Should carbon sequestation (using vegetation to absorb carbon) get the same credit as reducing emissions to meet a country’s Kyoto Protocol obligation? The U.S. argues it should; Europe is against it.
The Gallon Letter published an Internet discussion amoung several scientists on the validity of sequestation. Folke Bohlin, professor, Swedish University of Agricultural Sciences, Dept. of Forest Management: “Carbon sequestration in biomass (CSB) is a dead issue for three major reasons and many lesser ones.
1) Carbon sequestered in biomass will be let loose eventually. To start building “CO2 bombs” might be considered a desperate measure when all other avenues are closed, not now while we still can do more effective things like getting rid of the carbon altogether.
2) CSB is exceedingly expensive, the opportunity cost of not harvesting at the appropriate time is very costly. Nevertheless one can always find many cases when this opportunity cost is less obvious, e.g., on low producing “waste lands” in the tropics, or, in the forests left uncut in the North. Those waste lands are being used by for grazing or other purposes, and as soon as the timber price goes up those forests will be cut down.”
3) Even with millions and millions of hectares in CSB they don’t get close to halting or changing the direction of carbon. Perhaps a little, temporary, slowing down, that’s all. At least 85% of carbon comes from fossil fuel use, and the only way to change things is to get away from fossil fuels.”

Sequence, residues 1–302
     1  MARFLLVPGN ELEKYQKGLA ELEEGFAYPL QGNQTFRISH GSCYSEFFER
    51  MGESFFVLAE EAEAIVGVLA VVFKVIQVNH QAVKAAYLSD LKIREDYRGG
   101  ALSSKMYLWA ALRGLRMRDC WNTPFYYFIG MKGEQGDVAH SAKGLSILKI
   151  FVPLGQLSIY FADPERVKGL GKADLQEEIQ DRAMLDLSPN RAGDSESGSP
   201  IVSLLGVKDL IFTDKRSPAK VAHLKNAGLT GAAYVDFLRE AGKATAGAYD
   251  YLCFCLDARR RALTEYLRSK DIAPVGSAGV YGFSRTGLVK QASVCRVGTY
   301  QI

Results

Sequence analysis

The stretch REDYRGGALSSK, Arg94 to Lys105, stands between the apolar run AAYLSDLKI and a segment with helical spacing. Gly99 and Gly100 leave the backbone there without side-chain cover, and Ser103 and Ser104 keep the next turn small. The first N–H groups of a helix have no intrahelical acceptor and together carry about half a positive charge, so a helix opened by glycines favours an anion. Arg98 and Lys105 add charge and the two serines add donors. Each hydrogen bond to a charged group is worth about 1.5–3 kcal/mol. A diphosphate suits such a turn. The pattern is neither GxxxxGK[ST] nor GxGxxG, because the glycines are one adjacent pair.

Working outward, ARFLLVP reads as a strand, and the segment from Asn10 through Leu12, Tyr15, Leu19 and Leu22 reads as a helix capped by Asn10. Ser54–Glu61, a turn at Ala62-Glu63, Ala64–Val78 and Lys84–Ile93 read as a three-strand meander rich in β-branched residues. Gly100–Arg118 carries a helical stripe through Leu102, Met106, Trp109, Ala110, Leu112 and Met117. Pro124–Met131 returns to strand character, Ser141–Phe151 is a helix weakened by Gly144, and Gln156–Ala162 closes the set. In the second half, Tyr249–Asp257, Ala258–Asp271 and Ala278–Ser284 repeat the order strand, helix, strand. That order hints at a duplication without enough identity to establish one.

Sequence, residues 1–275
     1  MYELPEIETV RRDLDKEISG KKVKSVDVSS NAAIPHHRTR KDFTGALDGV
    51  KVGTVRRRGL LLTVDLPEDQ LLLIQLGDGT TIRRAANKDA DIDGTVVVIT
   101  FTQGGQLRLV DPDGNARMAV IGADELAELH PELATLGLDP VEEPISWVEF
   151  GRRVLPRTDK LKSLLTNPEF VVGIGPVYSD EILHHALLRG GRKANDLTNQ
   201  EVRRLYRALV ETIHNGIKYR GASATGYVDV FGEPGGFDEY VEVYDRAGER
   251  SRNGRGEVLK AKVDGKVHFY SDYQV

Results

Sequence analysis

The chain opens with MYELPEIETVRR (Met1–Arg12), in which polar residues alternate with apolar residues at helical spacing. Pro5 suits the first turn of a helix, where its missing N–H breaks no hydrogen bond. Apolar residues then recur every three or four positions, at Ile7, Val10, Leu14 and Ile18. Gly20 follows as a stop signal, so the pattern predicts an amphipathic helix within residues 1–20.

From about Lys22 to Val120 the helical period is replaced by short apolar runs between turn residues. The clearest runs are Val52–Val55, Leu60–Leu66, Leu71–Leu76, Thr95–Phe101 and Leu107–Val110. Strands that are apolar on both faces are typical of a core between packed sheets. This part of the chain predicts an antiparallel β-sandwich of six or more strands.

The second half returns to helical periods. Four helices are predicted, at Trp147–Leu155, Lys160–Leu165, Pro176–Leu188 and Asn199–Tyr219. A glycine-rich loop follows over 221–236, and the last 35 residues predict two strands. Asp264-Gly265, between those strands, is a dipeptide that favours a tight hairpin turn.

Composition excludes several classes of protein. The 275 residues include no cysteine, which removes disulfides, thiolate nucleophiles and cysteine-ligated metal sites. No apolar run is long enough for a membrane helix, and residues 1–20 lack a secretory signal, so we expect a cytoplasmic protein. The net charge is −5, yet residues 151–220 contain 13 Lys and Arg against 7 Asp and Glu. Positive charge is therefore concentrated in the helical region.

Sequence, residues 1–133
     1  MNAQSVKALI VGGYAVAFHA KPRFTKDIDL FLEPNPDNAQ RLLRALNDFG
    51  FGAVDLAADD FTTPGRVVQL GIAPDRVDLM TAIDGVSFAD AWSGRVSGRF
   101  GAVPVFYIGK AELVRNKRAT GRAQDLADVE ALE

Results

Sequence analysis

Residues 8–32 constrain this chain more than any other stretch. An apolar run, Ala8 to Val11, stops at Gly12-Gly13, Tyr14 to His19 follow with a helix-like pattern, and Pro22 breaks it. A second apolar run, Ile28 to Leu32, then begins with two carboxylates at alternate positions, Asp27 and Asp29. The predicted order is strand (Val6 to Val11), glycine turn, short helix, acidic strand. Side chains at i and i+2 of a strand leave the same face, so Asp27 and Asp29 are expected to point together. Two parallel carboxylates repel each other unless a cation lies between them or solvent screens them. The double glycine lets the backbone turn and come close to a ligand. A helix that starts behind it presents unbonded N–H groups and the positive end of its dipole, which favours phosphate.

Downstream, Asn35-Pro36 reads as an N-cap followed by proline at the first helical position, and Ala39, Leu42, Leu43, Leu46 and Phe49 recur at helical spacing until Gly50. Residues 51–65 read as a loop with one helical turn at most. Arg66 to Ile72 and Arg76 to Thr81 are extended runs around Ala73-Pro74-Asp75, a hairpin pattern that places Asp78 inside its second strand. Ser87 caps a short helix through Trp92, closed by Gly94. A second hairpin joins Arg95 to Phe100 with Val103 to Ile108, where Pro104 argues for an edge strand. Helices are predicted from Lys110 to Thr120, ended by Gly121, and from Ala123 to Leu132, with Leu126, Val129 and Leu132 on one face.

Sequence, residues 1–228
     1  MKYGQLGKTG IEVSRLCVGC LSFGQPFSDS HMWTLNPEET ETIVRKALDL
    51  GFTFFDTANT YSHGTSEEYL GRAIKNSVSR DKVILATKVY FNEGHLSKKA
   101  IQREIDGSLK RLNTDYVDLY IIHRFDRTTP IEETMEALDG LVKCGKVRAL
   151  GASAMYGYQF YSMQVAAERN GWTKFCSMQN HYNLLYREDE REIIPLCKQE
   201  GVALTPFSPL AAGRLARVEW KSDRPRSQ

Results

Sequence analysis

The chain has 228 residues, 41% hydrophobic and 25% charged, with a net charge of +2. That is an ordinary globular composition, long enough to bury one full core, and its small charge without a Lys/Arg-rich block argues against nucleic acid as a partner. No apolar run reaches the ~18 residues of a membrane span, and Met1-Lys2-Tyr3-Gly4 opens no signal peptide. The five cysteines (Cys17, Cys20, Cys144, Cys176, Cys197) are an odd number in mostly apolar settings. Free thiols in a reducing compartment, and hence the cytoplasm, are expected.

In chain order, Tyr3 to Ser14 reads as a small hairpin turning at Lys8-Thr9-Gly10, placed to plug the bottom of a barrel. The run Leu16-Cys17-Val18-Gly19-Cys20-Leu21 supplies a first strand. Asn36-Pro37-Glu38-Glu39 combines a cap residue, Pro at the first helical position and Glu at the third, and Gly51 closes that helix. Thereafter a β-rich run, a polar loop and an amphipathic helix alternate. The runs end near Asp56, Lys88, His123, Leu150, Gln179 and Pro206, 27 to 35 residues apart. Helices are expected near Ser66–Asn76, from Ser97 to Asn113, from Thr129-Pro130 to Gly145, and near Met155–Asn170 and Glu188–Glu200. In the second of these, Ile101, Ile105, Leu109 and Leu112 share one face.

Robert Macgregor from Canada responded: “Forests reach equilibrium in carbon flow a lot quicker than the turnover time in the atmosphere. CO2 from fossil fuel emissions will be around long after net sequestration in forests has stopped. Therefore, sequestration in standing biomass is of minute impact and then only if total forest area is increased dramatically. To have any real effect, carbon must be taken out of circulation for much longer periods of time. Increasing soil carbon does this to some degree, but comes nowhere near matching the sequestration process that created fossil fuels in the first place.
We’d do better by putting more resources into (1) finding ways to reduce the rate at
which fossil fuel carbon gets into the atmosphere, by, eg., increasing fuel efficiencies and finding non-fossil energy sources, and (2) preparing for inevitable impacts of climate change. A lot of what is going on now seems to be closing the barn door after the horse has already fled.”
Meanwhile, a recent World Wildlife Fund poll shows that 73 percent of respondents view global warming is a serious threat and may well be responsible for extreme weather patterns. The majority of people (Republicans, 69%; Independents (74%, and Democrats, 85%) favor signing the Kyoto Protocol and believe that taking action to reduce global warming will help, not hurt, the economy.